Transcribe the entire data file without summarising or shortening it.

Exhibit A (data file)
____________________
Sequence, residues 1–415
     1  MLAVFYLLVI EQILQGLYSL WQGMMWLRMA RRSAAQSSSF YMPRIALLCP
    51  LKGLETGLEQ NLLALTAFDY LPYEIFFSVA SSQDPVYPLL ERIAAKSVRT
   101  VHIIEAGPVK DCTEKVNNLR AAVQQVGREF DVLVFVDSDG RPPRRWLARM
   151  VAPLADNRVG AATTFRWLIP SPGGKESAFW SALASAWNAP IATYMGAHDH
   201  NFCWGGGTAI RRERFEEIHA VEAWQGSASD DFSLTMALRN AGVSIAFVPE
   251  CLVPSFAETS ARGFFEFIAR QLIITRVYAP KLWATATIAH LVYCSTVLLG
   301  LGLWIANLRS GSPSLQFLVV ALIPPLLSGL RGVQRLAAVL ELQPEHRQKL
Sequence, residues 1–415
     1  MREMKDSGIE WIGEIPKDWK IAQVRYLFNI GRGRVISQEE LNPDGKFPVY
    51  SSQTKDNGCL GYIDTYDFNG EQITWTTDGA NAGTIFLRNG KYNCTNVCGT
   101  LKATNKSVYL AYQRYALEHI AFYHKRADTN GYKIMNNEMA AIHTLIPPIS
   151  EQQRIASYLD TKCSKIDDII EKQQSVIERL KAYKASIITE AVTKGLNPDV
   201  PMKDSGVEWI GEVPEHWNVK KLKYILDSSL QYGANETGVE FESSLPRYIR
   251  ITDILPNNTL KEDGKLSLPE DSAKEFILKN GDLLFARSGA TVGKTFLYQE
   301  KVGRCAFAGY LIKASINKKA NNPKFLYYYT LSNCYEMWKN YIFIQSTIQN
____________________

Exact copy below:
Sequence, residues 1–415
     1  MLAVFYLLVI EQILQGLYSL WQGMMWLRMA RRSAAQSSSF YMPRIALLCP
    51  LKGLETGLEQ NLLALTAFDY LPYEIFFSVA SSQDPVYPLL ERIAAKSVRT
   101  VHIIEAGPVK DCTEKVNNLR AAVQQVGREF DVLVFVDSDG RPPRRWLARM
   151  VAPLADNRVG AATTFRWLIP SPGGKESAFW SALASAWNAP IATYMGAHDH
   201  NFCWGGGTAI RRERFEEIHA VEAWQGSASD DFSLTMALRN AGVSIAFVPE
   251  CLVPSFAETS ARGFFEFIAR QLIITRVYAP KLWATATIAH LVYCSTVLLG
   301  LGLWIANLRS GSPSLQFLVV ALIPPLLSGL RGVQRLAAVL ELQPEHRQKL
Sequence, residues 1–415
     1  MREMKDSGIE WIGEIPKDWK IAQVRYLFNI GRGRVISQEE LNPDGKFPVY
    51  SSQTKDNGCL GYIDTYDFNG EQITWTTDGA NAGTIFLRNG KYNCTNVCGT
   101  LKATNKSVYL AYQRYALEHI AFYHKRADTN GYKIMNNEMA AIHTLIPPIS
   151  EQQRIASYLD TKCSKIDDII EKQQSVIERL KAYKASIITE AVTKGLNPDV
   201  PMKDSGVEWI GEVPEHWNVK KLKYILDSSL QYGANETGVE FESSLPRYIR
   251  ITDILPNNTL KEDGKLSLPE DSAKEFILKN GDLLFARSGA TVGKTFLYQE
   301  KVGRCAFAGY LIKASINKKA NNPKFLYYYT LSNCYEMWKN YIFIQSTIQN